President BidenJoe BidenSunday shows preview: US reaffirms support for Ukraine amid threat of Russian invasion The Fed has a clear mandate to mitigate climate risks Biden says Roe v. Wade under attack like 'never before' MORE on Monday described the omicron variant of COVID-19 as a "cause for concern" but not a cause for panic, saying Americans getting vaccinated and getting their booster shots is the best defense against the virus.
He also said officials would release more guidance on how they plan to fight the spread of COVID-19 this winter, but promised it wouldn't include lockdowns.
"This variant is a cause for concern, not a cause for panic," Biden said in prepared remarks at the White House. "We have the best vaccine in the world, the best medicines, the best scientists, and we're learning more every single day. And we’ll fight this variant with scientific and knowledgeable actions and speed. Not chaos and confusion."
The president acknowledged the U.S. would see confirmed cases of the latest strain of the virus "sooner or later."
And he pleaded with Americans to get vaccinated against COVID-19, adding that Anthony FauciAnthony FauciSunday shows preview: US reaffirms support for Ukraine amid threat of Russian invasion A newspaper crosses an uncrossable line to 'punish' a class of Americans Bill Maher pushes back on Fauci: 'Don't sit there in your white coat and tell me "just do what we say"' MORE, his top medical adviser on the pandemic, believed the existing vaccines provide at least some protection against the omicron variant.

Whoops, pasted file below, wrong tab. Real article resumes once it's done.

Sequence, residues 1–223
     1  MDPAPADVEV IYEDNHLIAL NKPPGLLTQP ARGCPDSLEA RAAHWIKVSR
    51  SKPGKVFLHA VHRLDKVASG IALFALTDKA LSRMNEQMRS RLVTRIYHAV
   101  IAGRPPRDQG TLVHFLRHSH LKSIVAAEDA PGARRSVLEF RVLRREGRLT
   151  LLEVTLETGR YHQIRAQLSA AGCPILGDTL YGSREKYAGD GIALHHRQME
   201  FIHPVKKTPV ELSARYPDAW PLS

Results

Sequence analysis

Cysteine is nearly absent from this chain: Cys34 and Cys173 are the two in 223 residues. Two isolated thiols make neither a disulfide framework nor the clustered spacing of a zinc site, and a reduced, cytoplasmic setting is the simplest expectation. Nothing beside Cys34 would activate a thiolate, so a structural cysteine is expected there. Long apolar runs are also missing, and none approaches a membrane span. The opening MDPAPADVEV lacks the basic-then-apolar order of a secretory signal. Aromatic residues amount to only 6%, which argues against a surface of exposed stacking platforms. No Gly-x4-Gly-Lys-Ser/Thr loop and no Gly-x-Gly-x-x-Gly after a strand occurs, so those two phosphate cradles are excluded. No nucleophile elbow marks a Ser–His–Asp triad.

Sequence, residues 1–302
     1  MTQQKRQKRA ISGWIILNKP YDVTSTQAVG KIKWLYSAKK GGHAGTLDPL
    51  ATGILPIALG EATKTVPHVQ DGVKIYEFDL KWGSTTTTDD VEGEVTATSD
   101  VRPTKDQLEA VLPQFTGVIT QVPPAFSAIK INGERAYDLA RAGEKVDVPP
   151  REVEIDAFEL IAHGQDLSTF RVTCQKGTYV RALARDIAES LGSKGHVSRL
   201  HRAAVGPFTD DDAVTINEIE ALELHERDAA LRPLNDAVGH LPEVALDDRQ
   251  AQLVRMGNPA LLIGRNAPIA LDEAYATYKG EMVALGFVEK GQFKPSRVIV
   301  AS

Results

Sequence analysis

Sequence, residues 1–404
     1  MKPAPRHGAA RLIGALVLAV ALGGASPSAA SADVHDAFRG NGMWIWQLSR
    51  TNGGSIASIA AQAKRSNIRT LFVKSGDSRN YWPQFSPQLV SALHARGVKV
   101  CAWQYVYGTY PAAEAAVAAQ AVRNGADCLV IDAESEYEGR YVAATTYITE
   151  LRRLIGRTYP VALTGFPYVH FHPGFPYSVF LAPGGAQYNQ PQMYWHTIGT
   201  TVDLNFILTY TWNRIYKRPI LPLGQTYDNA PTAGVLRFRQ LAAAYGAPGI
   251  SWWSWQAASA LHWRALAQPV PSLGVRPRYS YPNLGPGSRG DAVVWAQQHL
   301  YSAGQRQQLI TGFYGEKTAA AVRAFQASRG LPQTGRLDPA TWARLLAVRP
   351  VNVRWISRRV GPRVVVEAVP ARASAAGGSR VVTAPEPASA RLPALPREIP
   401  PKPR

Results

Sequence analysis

"If you are vaccinated, but still worried about the new variant, get our booster. If you aren’t vaccinated, get that shot. Go get that first shot," Biden said.
Biden met earlier Monday with his medical advisers about the latest variant of COVID-19, which has roiled global financial markets and sparked concern about another wave of cases even as scientists and medical experts are still working to learn more about how contagious the new strain is and how effective vaccines are in preventing serious illness.
The president said the White House does not believe additional doses of the vaccine will be needed as of now, but officials are in touch with Pfizer, Moderna and Johnson & Johnson "to develop contingency plans for vaccines or boosters if needed."
"I’m sparing no effort and removing all roadblocks to keep the American people safe," Biden said.
Multiple experts have said they believe more will be known in the next couple weeks about the omicron variant's transmissibility and how vaccines respond to it.
The variant was first detected and reported in southern Africa, and Biden over the weekend restricted travel to the U.S. from Botswana, Zimbabwe, Namibia, Lesotho, Eswatini, Mozambique and Malawi.
The World Health Organization last Friday identified omicron as a "variant of concern," a label applied when a particular strain is especially virulent, transmissible or able to defeat public health measures.